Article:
People In The News
CHICAGO (AP) _ Television stars Tom Selleck and Cybill Shepherd are the top choices of 1,000 Chicagoans who were asked to name a celebrity they would prefer as an after-hours companion, pollsters said.
Selleck, star of ″Magnum, P.I.″ received 46 votes and Miss Shepherd, of ″Moonlighting,″ got 44 votes in the survey Tuesday of about 500 men and 500 women, said Jo Oppenheim, spokeswoman for the poll sponsored by the makers of After Eight candy mints.
Actor Tom Cruise came in second among the women’s choices, followed by ’Moonlighting″ costar Bruce Willis and actors Billy Dee Williams and Paul Newman.
Actress Kim Basinger placed second among the men, followed in order by game-show hostess Vanna White, actress Kathleen Turner and model Christie Brinkley.
The poll was part of a national survey of 5,000 people, the results of which will be disclosed in the fall, Ms. Oppenheim said.
BOULDER, Colo. (AP) - Actor Robert Redford says he came to the University of Colorado from California to play baseball, but instead spent most of his time partying and pursuing all things non-academic.
″I wasn’t ready to be a student″ as a CU undergraduate in 1955-57, he said Tuesday. ″CU was definitely known as a party school. The temptations were great.″
Redford was at CU to receive an honorary doctorate of humane letters, which he said is ″certainly every bit as important as the Oscar″ he won for directing ″Ordinary People.″
Redford’s two oldest children, Shauna and James, graduated from CU in 1985.
On another issue, Redford, who played the Sundance Kid in ″Butch Cassidy and the Sundance Kid,″ has turned down an offer by Stroh Brewery Co. to be a national spokesman for its new Sundance line of fruit juice and sparkling water drinks, the actor’s agent said.
Allen Burry said the Detroit-based brewer ″did approach him, but he isn’t doing it. ... They were under negotiation ... but he has decided not to do it.″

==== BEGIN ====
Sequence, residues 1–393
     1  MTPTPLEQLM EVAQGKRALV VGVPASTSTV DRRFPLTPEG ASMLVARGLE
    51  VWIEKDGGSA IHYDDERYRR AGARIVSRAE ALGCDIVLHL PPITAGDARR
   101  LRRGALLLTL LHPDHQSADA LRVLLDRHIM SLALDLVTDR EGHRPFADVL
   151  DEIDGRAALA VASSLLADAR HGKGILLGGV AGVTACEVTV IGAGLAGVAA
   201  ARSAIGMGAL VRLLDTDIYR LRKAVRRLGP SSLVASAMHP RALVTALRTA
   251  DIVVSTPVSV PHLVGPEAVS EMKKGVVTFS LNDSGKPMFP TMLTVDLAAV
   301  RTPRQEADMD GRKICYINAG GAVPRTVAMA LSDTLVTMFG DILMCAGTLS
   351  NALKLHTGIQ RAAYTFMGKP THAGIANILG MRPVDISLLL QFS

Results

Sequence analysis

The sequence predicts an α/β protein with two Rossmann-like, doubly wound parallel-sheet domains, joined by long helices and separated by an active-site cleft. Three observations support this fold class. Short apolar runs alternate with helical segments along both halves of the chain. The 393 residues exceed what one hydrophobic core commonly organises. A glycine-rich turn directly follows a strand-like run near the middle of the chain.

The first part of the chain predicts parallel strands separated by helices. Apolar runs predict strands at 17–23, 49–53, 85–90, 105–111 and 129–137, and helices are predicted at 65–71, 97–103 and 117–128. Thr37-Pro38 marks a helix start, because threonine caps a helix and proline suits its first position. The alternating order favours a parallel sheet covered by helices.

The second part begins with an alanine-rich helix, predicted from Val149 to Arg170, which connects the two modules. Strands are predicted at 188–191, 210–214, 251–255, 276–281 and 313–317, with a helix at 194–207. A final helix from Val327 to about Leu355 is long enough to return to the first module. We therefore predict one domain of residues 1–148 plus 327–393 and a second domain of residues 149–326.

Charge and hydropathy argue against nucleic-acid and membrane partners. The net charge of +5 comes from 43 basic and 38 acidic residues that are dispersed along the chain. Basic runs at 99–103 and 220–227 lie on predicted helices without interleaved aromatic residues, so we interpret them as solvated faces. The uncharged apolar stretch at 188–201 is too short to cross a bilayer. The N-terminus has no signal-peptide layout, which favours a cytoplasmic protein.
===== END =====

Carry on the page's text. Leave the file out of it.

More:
NEW YORK (AP) - Actor Donald Sutherland warns that building a dream home in the Hollywood hills is likely to produce nightmares.
″Putting a house together in Hollywood is not like it would be anywhere else in the world,″ Sutherland writes in an article for the June issue of House & Garden. ″It is different because the people who work there are the people out of work there.″
The ″merry band of craftsmen″ who went to work on an addition for his kitchen ″were writers, actors, dancers, directors, each and every one of them, but it must be said they attacked the project with great gusto,″ the actor recalled. ″So great indeed was their gusto that they built the glass extension into our neighbor’s backyard.″
Sutherland said he and his wife Francine have had so much trouble with work done by would-be entertainers that they fired a newly hired gardener when they discovered he was an actor.
″He looked stunned and asked why, and she just said ’go be one, go be an actor,‴ Sutherland said. ″So he did, and he’s not bad at all.″
NEW YORK (AP) - Arthur Ochs Sulzberger, publisher of The New York Times and chairman of the Times company, has been elected chairman of the Metropolitan Museum of Art.
Sulzberger, 61, was a unanimous choice of the museum trustees in an election Tuesday for a successor to J. Richardson Dilworth, the Met chairman since 1983, who resigned last month because of illness.
Sulzberger has been a trustee of the museum since 1968. His late father, Times publisher Arthur Hays Sulzberger, was a trustee from 1945 to 1964.
EL PASO, Texas (AP) - Memories of childhood were revived for U.S. Supreme Court Justice Sandra Day O’Connor when she visited her old school and childhood friends.
Mrs. O’Connor’s family lived on a ranch in Lordsburg, N.M., about 155 miles northeast of El Paso. She came to live with her grandmother in El Paso for her elementary and high school education at the private Radford School for Girls in the 1930s.
″She had come in from the ranch and she wasn’t very happy about it,″ said Gretchen Rabb, dean of girls and Spanish teacher at Radford when Mrs. O’Connor attended. ″She loved riding horses and she got homesick for her family.″
Mrs. O’Connor, 57, was given a symbolic key to the school after she addressed the student body Tuesday. She described Lucinda Templin, who was principal for 42 years, as a ″frightening″ woman and said humorously that she wasn’t sure the late Mrs. Templin would want her to have the key.
School Principal James Shepherd said records show Mrs. O’Connor skipped at least one grade at Radford because she was ″very bright.″